Posted by: teofilo | Link to this comment | 08-25-09 2:53 PM
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124: well, I think that if people can come in here and determine the specifics of what the given term at issue here refers to, then of course that could lead to the specific consequence or set of consequences that all or some of us may be aware of.


Posted by: Sifu Tweety | Link to this comment | 08-25-09 2:53 PM
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I thought it was a play on Leland Stanford.


Posted by: Mo MacArbie | Link to this comment | 08-25-09 2:54 PM
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Don't play on me!


Posted by: Leland Stanford | Link to this comment | 08-25-09 2:55 PM
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128 is actually dialogue from Achew00d.


Posted by: lw | Link to this comment | 08-25-09 2:56 PM
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I'm confused on what would be the unwanted specificity.

I'm pretty sure this is all joking about keeping secret what has already been revealed in other threads. But if not, I'll exercise more discretion.


Posted by: eb | Link to this comment | 08-25-09 2:56 PM
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128: Someone said something about that specific in front of Eisenhower and next thing you knew Patrice Lumumba was dead.


Posted by: JP Stormcrow | Link to this comment | 08-25-09 3:03 PM
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Can somebody redact 133?


Posted by: Sifu Tweety | Link to this comment | 08-25-09 3:04 PM
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133: TIWIUIAAAT.


Posted by: Moby Hick | Link to this comment | 08-25-09 3:05 PM
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Arizona State sent me a brochure explaining their admissions requirements. It was a chart with GPA on the x-axis and SAT score on the y, with various shaded areas detailing the scores needed for admission and scholarships. It was nicely to the point. I think I would have qualified for a full academic scholarship even if I had had a something like a 2.1 high school GPA.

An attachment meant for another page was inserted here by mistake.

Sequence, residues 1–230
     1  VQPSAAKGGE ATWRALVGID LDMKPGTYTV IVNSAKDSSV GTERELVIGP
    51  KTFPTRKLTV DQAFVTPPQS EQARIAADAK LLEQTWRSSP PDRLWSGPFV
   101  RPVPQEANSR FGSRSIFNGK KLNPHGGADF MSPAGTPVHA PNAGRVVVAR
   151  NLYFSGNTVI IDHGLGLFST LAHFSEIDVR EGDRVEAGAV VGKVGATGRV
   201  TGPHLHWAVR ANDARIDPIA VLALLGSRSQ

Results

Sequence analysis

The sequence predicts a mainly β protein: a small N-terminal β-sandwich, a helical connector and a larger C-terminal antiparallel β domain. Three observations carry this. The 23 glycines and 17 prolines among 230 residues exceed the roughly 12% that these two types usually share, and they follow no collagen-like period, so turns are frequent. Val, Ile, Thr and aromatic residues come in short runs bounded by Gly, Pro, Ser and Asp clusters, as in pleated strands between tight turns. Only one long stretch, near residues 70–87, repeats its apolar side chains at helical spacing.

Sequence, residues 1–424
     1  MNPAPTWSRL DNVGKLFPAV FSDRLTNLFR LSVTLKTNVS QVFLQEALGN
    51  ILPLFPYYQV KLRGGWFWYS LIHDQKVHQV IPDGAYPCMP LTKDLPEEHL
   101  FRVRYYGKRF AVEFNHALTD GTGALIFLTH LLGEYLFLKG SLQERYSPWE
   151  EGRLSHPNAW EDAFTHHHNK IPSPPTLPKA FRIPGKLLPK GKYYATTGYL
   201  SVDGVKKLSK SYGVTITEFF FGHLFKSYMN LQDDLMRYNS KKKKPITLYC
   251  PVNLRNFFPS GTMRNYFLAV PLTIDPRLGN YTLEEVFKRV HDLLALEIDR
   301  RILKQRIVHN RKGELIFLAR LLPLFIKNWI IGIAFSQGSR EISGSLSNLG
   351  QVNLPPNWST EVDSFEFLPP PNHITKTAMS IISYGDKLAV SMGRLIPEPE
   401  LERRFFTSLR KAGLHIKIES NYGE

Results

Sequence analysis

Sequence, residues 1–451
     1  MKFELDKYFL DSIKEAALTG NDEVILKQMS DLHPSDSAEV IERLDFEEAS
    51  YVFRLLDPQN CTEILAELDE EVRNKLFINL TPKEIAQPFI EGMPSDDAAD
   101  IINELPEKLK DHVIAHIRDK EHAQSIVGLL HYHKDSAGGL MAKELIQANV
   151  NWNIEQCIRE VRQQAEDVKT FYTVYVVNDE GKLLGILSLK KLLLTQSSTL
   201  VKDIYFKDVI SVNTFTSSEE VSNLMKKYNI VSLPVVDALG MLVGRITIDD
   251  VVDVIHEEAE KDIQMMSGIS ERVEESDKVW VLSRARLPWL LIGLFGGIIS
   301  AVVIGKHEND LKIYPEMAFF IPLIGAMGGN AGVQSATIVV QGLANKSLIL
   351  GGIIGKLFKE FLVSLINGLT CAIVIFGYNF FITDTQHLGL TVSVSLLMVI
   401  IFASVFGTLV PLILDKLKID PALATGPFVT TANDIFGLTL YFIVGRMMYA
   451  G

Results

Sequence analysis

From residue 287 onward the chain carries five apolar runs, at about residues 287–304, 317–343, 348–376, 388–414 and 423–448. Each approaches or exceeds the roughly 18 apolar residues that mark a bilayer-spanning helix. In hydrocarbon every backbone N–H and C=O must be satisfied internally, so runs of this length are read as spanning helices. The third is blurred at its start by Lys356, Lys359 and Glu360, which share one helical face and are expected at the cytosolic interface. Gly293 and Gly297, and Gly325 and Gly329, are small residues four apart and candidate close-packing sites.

Posted by: Matt F | Link to this comment | 08-25-09 3:06 PM
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I've been getting the same sense that Kids Today are getting much taller, but I've also been sensing a class difference to it. When I taught at Stately Landlord University, it seemed like the place was crawling with female students my height (six foot) and male students who looked down on me. You could tell that their parents fed them the best food, drove them to soccer practice where they got plenty of exercise, and scrubbed their faces until they had a permanent glow. Here at Last Chance Community College, people seem about normal.

This is true, sort of. Here at my land-grant institution the really upper class people are small and go into comp lit or some other annoying discipline where you read a lot of Negri and snot off to people; the merely wealthy are tall and scrubbed and go into various professional programs where they learn to condescend to secretaries. Regular people do regular people things.

What's really clear, though, is the class-weight-aging link. Whenever I'm in a large meeting, the upper-level folks are thinner and look much younger than their age peers in lower-status jobs. I just sit in the corner and snarl, class-x-ing with all my might.

When I was a mere slip of a girl, I was heavily recruited by Princeton. Also by Bradley University, located in scenic Peoria. I could have had a full ride and an extra grant on top of it at Bradley.


Posted by: Frowner | Link to this comment | 08-25-09 3:07 PM
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I'm delighted that AWB has already generated a nickname for my current employer. Nerd U it is!


Posted by: redfoxtailshrub | Link to this comment | 08-25-09 3:08 PM
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I'm sure nobody with tenure would do that.

Au contraire. It happens in my very department.


Posted by: redfoxtailshrub | Link to this comment | 08-25-09 3:09 PM
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local, excellent state school that anyone in the top 10 automatically got in (which they didn't seem to actually tell us about ahead of time)

Wasn't this about the time that they changed admissions rules? I thought the top 10 thing was a way to get a diverse class without applying diversity criteria on an individual basis.


Posted by: eb | Link to this comment | 08-25-09 3:11 PM
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This is true, sort of. Here at my land-grant institution the really upper class people are small and go into comp lit or some other annoying discipline where you read a lot of Negri and snot off to people; the merely wealthy are tall and scrubbed and go into various professional programs where they learn to condescend to secretaries. Regular people do regular people things.

This is such a crazy weird sentence. Don't let your activism lead you to eugenics or phrenology, okay Frowner?


Posted by: Sifu Tweety | Link to this comment | 08-25-09 3:14 PM
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"I just sit in the corner and snarl, class-x-ing with all my might."

I always though Fussel's Class X was a whole lot of him thinking about what he liked rather than, as he did in the rest of the book, pointing out something that was commonly observable. If I recall correctly, snarlying isn't Class X. However, heavy drinking and visible protruding nipples are.